Pocket Sky Atlas
    The Pocket Sky Atlas plots 30,796 stars to magnitude 7.6 — which may sound like a lot, but it's still less than one per square degree on the sky. Also plotted are many hundreds of good telescopic galaxies, star clusters, and nebulae.
    Sky & Telescope
    Once you get a telescope, to put it to good use you'll need a detailed, large-scale sky atlas (set of maps; the standards are
    Sky Atlas 2000.0 or the smaller Pocket Sky Atlas) and good deep-sky guidebooks (such as Sky Atlas 2000.0 Companion by Strong and Sinnott, the even more detailed Night Sky Observer's Guide by Kepple and Sanner, or the classic Burnham's Celestial Handbook). Read how to use them effectively.

    Can a computerized telescope take their place? As Terence Dickinson and Alan Dyer say in their Backyard Astronomer's Guide, "A full appreciation of the universe cannot come without developing the skills to find things in the sky and understanding how the sky works. This knowledge comes only by spending time under the stars with star maps in hand and a curious mind." Without these, they note, "the sky never becomes a friendly place."

    More beginners' tips: "How to Start Right in Astronomy".


    This Week's Planet Roundup

    As it moves farther westward in the evening sky, Jupiter has gotten small (34 arcseconds wide this week) and low, so don't be disappointed if your scope shows very little on it. Even world-class planetary imager Christopher Go recorded only this rather fuzzy view on November 16th (at 9:43 UT).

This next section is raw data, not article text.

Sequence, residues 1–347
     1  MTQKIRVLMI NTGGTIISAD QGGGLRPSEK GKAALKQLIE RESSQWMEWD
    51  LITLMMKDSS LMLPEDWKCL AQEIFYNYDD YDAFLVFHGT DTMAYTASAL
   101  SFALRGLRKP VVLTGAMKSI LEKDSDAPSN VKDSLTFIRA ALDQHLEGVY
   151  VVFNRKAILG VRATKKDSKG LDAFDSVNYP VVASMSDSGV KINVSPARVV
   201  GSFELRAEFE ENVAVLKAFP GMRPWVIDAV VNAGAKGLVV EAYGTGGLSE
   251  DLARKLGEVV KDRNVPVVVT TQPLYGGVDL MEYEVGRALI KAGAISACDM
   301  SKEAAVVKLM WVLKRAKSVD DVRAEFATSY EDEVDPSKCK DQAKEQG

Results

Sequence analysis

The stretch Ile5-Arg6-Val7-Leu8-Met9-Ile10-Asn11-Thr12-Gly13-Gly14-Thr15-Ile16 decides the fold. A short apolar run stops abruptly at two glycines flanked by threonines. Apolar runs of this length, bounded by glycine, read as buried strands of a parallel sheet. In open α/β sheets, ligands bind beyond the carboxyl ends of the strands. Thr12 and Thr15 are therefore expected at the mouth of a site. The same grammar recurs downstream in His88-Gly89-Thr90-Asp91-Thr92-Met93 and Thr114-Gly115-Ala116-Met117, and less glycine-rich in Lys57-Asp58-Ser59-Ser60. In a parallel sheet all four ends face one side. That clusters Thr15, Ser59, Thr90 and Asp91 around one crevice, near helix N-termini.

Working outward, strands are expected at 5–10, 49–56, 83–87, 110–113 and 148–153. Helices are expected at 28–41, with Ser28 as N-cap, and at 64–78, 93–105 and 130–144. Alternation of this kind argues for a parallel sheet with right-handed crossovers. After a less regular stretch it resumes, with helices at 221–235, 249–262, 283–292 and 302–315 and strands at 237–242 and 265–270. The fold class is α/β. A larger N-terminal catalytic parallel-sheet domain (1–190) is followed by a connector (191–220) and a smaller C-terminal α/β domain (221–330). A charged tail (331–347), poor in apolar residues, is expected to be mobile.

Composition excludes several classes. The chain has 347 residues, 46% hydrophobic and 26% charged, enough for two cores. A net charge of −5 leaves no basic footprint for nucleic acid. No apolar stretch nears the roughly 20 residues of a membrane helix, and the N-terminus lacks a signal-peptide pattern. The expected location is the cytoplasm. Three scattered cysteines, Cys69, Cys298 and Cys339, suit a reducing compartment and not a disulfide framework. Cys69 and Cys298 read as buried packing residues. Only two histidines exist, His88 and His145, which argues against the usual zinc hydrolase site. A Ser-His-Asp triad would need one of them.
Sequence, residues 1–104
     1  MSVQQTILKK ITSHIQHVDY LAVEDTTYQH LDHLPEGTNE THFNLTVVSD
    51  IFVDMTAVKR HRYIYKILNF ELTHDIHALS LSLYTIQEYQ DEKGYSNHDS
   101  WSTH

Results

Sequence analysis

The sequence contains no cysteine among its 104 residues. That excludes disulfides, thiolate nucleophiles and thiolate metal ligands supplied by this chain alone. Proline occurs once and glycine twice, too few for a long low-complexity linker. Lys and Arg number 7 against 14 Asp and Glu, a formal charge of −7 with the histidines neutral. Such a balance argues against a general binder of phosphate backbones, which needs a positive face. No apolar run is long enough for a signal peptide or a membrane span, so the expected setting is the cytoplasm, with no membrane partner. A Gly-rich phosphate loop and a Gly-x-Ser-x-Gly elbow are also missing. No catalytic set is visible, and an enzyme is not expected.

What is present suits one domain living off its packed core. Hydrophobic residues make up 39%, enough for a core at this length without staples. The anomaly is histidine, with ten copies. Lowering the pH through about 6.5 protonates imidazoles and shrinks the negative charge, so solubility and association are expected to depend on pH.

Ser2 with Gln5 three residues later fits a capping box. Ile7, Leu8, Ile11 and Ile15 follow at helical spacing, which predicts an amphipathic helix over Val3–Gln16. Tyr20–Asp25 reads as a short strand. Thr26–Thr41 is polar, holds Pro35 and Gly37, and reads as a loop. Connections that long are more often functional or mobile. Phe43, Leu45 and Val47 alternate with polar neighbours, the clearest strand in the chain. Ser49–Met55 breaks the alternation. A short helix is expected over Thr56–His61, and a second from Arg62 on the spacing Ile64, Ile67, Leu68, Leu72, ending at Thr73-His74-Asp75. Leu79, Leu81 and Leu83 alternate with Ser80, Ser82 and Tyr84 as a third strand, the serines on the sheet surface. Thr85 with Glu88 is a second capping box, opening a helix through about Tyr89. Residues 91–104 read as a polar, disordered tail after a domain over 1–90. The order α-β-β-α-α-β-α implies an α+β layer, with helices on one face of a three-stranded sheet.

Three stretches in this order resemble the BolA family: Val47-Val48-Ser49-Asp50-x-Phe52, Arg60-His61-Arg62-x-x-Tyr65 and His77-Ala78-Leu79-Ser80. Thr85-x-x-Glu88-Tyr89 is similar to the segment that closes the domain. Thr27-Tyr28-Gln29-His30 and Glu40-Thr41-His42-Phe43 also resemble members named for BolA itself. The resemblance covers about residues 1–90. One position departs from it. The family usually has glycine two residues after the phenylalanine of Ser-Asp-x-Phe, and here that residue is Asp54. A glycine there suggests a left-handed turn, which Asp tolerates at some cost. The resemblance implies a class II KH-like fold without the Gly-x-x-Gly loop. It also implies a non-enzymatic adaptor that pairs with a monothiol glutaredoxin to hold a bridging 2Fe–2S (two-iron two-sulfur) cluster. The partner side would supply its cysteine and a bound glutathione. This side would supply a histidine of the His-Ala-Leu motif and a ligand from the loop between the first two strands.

South is up, to match the view in many telescopes. Note the white outbreak in the South Equatorial Belt near the central meridian. The CM II longitude was 277°.

    Venus and Jupiter, the two brightest planets (magnitudes –4.2 and –2.0 respectively), blaze strikingly close together in the southwest in evening twilight. They reach conjunction, 2° apart, on November 30th and December 1st — when the crescent Moon joins in too, as shown above. Watch them change their configuration daily. After conjunction, Jupiter starts moving off to Venus's right and then (by week's end) lower right.

    In a telescope Venus is still small (16 or 17 arcseconds wide) and gibbous (68% illuminated). Jupiter is 34″ wide but has a much lower surface brightness; being 7 times farther from the Sun, Jupiter is lit only about 1/49 as brightly.

    Mercury and are hidden in the glare of the Sun.

    Saturn (magnitude +1.1, near the hind foot of Leo) rises around midnight or 1 a.m. and shines very high in the south by dawn. Don't confuse Saturn with similarly-bright Regulus 20° (two fist-widths at arm's length) to its upper right.

    Saturn's rings were tilted just 1.5° from edge-on when Christopher Go took this image on November 22, 2008. Note their very prominent shadow on Saturn's globe. South is up.
    Christopher Go

    A telescope will show that Saturn's rings have closed to just 1° from edge on. They'll reach a minimum of 0.8° at the end of December, then start opening again before finally closing to exactly edge-on next September.

    Uranus and Neptune (magnitudes 5.8 and 7.9, respectively, in Aquarius and Capricornus) are in the south to southwest during early evening. Use our article and finder charts or the chart in the September Sky & Telescope, page 63.

    Pluto is hidden in the glare of the Sun.

    All descriptions that relate to your horizon or zenith — including the words up, down, right, and left — are written for the world's mid-northern latitudes. Descriptions that also depend on longitude (mainly Moon positions) are for North America. Eastern Standard Time (EST) equals Universal Time (known as UT, UTC, or GMT) minus 5 hours.